Identification of Novel, Selective Ataxia-Telangiectasia Mutated Kinase Inhibitors with the Ability to Penetrate the Blood−Brain Barrier: The Discovery of AZD1390

AZD1390 paper

Achieving CNS penetration, when desired, is a hugely important and sometimes very difficult hurdle to overcome. To do this, the Blood-Brain Barrier (BBB): with its unique lining of endothelial cells and its cocktail of efflux pumps / transporters, must be traversed efficiently. Only a small fraction of drugs actually do this. Guidelines to aid the development of CNS-penetrant compounds have been described, such as: minimising molecular weight, n rotatable bonds, n HBD, tPSA. Passive permeability must be maximised, with an efflux ratio of <2 to stand a good chance of crossing into the CNS.

In this paper, the discovery of AZD1390 is described, wherein CNS penetration is essential to serve the target indication: Glioblastoma Multiforme, which is the most common and lethal form of brain tumour. The molecular target is Ataxia-Telangiectasia Mutated (ATM), part of the PI3K related kinase family, whose function includes the early detection of- and protection against DNA double strand breaks (DSBs). Once activated by DSBs, ATM phosphorylates downstream targets such as γH2AX, p53-MDM2 and Chk2, determining cell survival or cell death. Activation of these pathways within glioma cells results in radio-resistance, so part of the therapeutic strategy with AZD1390 is to cause these cancerous cells to remain susceptible to radiotherapy.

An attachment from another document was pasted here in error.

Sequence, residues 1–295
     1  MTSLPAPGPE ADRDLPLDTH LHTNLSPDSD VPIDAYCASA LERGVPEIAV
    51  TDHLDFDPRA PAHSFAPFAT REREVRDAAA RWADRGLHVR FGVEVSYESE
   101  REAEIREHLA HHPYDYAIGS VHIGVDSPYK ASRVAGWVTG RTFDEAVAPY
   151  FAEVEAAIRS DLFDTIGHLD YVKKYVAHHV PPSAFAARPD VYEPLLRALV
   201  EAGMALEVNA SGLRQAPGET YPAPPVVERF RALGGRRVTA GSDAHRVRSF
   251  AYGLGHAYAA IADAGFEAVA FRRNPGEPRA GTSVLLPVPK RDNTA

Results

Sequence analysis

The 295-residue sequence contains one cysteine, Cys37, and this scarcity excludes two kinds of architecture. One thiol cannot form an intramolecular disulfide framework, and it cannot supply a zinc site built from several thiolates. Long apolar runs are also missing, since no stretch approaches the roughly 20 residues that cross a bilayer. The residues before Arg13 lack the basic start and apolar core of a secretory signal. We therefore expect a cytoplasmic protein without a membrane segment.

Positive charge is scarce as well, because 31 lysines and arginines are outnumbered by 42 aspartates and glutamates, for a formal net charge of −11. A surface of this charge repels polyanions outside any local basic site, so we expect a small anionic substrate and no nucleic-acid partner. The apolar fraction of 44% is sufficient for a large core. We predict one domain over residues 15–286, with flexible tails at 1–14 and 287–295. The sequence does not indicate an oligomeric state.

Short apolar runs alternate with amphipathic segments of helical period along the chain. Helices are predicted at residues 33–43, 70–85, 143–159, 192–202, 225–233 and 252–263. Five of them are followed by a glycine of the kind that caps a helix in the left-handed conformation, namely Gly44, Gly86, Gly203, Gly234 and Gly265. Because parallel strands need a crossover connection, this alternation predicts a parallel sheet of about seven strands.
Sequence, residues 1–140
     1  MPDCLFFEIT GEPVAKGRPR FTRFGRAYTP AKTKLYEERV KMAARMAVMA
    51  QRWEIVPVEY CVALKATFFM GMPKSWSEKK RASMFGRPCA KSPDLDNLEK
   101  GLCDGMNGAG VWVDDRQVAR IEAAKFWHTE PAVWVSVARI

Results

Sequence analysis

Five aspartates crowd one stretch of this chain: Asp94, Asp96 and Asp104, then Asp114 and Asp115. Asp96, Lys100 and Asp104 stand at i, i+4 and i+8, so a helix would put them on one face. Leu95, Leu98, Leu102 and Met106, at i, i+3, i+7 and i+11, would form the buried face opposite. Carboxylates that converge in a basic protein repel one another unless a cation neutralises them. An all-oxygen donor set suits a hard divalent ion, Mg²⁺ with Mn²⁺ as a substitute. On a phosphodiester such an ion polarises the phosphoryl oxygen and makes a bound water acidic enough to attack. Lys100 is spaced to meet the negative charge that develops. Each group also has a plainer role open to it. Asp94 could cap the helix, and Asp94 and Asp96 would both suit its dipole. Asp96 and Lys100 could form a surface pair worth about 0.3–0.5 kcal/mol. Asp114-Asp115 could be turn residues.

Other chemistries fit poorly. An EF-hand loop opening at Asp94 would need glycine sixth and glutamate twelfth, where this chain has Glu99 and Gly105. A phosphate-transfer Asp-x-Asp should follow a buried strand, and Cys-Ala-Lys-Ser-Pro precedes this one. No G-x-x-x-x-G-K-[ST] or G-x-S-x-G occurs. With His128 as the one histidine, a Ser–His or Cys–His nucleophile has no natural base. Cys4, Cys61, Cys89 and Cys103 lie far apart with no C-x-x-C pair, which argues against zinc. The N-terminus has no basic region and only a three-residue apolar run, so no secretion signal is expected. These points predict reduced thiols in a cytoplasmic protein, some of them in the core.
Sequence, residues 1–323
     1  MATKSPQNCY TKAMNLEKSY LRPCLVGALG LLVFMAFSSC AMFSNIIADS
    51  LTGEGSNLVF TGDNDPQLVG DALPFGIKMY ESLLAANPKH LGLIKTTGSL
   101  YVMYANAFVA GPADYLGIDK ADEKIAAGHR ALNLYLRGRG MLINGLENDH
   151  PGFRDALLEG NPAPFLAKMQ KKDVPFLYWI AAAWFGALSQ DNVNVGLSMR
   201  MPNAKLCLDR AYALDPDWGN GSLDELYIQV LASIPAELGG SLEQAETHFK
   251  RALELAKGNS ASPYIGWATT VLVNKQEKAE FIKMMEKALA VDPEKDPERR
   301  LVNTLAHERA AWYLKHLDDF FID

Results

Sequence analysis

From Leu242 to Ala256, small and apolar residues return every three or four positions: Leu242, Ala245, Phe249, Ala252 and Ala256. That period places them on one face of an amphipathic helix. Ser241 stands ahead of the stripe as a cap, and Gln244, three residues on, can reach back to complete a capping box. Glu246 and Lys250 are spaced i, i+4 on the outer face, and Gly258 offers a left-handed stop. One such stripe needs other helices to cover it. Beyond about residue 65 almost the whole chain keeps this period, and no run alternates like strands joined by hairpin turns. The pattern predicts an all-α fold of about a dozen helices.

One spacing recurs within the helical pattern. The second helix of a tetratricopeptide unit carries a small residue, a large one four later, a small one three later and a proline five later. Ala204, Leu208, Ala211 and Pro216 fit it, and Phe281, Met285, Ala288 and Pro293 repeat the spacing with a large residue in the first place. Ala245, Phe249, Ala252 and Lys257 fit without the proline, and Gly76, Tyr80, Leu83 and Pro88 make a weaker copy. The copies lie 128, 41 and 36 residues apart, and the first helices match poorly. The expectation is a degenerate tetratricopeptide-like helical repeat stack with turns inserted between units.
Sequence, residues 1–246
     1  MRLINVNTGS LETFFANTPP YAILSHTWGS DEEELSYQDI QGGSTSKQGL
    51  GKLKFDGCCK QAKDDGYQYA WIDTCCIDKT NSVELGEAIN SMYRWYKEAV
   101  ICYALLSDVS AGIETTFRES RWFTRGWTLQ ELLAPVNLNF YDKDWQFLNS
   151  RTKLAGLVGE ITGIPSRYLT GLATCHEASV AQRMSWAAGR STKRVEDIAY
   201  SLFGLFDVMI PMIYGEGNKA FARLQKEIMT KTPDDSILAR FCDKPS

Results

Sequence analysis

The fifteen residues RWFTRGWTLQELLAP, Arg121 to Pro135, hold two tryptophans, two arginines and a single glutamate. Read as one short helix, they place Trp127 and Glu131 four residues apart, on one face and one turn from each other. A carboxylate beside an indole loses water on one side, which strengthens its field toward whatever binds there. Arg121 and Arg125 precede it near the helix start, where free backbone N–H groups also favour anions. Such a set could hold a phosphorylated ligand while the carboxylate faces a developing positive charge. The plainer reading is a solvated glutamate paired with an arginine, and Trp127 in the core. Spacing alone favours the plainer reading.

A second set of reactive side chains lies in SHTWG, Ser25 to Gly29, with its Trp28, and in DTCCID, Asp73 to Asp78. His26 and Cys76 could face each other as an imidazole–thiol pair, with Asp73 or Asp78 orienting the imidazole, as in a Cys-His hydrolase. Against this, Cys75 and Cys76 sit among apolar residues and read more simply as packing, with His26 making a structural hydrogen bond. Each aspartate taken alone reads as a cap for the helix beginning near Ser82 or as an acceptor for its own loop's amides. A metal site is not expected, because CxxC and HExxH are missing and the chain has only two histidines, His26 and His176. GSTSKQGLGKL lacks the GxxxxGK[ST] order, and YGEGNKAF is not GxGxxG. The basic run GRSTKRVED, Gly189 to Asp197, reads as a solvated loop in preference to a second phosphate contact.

AZD1390 is currently at the stage of expanded Phase I clinical trials for treating glioma patients in combination with radiotherapy.

AZD1390 table 1

Figure 1: Optimisation path to AZD1390

The authors began with their previous ATM inhibitor, AZD0156, which was potent and selective with great PK, but an MDCKII-MDR1-BCRP efflux ratio of 23.4 meant that it was unlikely to achieve the CNS exposure required for treating intracranial malignancies. A truncated analogue, 5, which was less potent and selective than AZD0156 but had lower efflux and a respectable unbound brain-to-plasma ratio (Kp,uu) of 0.67, was taken as the start point.

Careful navigation of property space, modifying nHBD, rigidity (n rotatable bonds), basicity etc., and known pharmacophores from previous work led to the candidate compound: AZD1390 with the desired profile for the best chance of getting sufficient CNS exposure. One interesting challenge encountered during optimisation, was the observation of rodent-specific efflux, indicated by low Kp,uu (rat and mouse, brain slice method) values despite a MDCKII-MDR1-BCRP efflux ratio of <2. The rodent specific efflux effects were confirmed by seeing a massive increase in Kp,uu after co-dosing with elacridar (efflux pump inhibitor), and by measuring a rat-specific efflux ratio in an LLC-PK1-rMdr1a assay of 3.2.

PET imaging and quantification studies were then undertaken in cynomolgus monkeys, using [11C] radiolabelled compounds. This data produced incredible cross-sectional images, showing [11C]-AZD1390 entering the brain while [11C]-AZD0156, which is highly effluxed, did not. This data also allowed the authors to determine the Kp,uu of AZD1390, in the cynomolgus monkey by obtaining the partition coefficient.

Identification of Novel, Selective Ataxia-Telangiectasia Mutated Kinase Inhibitors with the Ability to Penetrate the Blood−Brain Barrier: The Discovery of AZD139

J. Med. Chem., 2024, 67, 3090−3111